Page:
They entered the auditorium quietly, from the rear, and the misery was almost palpable to McGee as he and Roos took up an inconspicuous position along a side wall. A younger Marshal read aloud to the ragged and miserable-looking crowd in the seats. He read in English; other Marshals waited their turns to do so in French, Spanish and Chinese. His tone was mournful and his words were plain and simple doom.
“Ladies and gentlemen, on behalf of the Antark People, I sincerely regret to give you this notice that you must leave these territories. We have arranged for your transportation to the mainland in Chile, and from there to Santiago; from there you must contact your respective embassies or consulates for further instructions.
“The dangerous living conditions in these territories make it necessary to have very strict immigration policies, and each person living in these colonies must be able to contribute to the survival of all, and to the success of their own colony.
“In some cases, you arrived in Antarctica without having applied for residency and paid the administrative fee, without the means to establish yourself here, and without the training and skills needed to contribute to the success of your colony.
“In some cases, you arrived with dependent children, for whom we cannot provide proper care or education at this time.
“In some cases, you arrived with disabilities or debilitating illnesses that were not disclosed in your residency application.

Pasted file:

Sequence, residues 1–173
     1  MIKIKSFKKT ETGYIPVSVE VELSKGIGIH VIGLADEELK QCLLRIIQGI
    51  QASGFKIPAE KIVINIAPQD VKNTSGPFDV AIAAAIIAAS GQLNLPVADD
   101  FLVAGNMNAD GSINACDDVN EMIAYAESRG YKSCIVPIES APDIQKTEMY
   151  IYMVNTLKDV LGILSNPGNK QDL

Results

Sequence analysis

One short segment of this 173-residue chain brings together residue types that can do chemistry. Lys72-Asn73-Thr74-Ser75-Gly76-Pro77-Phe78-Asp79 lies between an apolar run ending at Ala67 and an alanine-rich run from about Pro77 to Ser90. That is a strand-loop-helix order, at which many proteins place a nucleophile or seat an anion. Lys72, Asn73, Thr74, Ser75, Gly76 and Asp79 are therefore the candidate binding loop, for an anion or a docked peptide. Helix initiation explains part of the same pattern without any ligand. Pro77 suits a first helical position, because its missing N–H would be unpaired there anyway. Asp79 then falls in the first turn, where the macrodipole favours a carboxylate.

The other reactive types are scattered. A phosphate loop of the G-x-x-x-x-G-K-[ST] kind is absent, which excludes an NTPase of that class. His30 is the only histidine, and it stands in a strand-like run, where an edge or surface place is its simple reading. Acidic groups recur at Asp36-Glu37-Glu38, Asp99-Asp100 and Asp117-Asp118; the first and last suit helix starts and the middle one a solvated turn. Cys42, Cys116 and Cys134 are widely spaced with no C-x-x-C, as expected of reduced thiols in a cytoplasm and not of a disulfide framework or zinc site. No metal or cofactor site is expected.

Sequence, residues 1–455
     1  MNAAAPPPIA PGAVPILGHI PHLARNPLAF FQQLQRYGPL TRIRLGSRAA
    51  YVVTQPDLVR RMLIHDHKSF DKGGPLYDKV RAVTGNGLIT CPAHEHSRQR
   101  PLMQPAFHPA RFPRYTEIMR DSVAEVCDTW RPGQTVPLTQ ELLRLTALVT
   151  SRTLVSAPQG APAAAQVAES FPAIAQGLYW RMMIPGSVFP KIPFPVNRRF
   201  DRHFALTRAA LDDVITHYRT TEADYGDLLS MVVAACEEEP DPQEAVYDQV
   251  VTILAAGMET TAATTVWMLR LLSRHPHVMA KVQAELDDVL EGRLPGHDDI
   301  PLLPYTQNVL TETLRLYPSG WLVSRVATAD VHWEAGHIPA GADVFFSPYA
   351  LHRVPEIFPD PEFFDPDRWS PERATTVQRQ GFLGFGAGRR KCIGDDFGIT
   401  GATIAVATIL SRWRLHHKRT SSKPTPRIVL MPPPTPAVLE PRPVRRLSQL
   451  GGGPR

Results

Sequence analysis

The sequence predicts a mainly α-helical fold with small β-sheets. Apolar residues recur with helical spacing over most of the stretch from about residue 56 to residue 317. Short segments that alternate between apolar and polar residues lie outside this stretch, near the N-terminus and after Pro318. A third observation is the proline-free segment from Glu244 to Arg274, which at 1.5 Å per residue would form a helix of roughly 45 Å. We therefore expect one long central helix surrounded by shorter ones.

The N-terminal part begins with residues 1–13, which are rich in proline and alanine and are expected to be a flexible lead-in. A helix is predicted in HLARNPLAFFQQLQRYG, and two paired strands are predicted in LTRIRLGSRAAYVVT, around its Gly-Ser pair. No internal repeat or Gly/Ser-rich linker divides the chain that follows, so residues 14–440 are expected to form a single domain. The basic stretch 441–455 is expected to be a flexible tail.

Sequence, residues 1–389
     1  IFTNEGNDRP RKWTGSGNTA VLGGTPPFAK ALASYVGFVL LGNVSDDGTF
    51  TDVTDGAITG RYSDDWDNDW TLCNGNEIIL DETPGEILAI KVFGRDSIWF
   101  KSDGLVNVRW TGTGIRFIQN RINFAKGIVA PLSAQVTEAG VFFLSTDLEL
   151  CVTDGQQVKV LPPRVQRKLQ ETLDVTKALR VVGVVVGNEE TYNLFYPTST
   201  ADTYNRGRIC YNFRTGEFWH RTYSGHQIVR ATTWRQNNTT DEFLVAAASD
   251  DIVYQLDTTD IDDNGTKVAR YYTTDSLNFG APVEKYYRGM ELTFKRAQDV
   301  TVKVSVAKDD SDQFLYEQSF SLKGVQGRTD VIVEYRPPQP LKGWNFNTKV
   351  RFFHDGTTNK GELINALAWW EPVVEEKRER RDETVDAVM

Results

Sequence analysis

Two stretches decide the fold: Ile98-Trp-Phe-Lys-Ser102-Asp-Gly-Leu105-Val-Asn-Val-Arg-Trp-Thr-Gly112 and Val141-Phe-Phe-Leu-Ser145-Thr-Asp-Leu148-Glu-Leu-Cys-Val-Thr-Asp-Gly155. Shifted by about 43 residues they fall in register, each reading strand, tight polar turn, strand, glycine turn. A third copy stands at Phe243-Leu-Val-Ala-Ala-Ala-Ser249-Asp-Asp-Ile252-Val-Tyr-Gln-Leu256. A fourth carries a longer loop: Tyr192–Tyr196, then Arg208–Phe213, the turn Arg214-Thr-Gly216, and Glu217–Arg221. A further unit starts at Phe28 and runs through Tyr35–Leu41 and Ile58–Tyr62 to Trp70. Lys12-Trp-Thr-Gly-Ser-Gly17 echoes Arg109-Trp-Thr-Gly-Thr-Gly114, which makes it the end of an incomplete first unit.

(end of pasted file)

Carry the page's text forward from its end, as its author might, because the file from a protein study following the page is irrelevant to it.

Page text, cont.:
“Again, the Antark People deeply regret having to return you to your homes, and we sincerely hope that those of you who can, will come back after applying through proper channels. At this time, Marshals will escort you to the dining facility for a meal before your journey. Thank you and we wish you safe travels.”
McGee watched the faces of the deportees. Many were crying; most looked too exhausted for tears. Roos van Rhijn, he noted, was conspicuously looking away from a couple with child, and he wondered if her previous upset was over a similar event.
“Van Rhijn,” he said, hoping the use of her last name would help her snap to. “You okay?” She nodded silently, eyes closed, then took a cleansing breath and resumed her military bearing.
“We’ve had to do this twice a week since the autonomy resolution was passed,” she said quietly, her voice even and firm. “I think most must have been assuming we would offer asylum. I can’t bear the thought of what they’ll face when they get home. If they even make it home.”
McGee nodded. “Law and order are easy,” he muttered sadly. “Justice, though… that’s complicated. It’s messy. And you’re constantly running into situations where there’s just no right answer.”
He nudged Roos with an elbow and smiled. “I’ll take over and check your weapons in. Get some downtime.”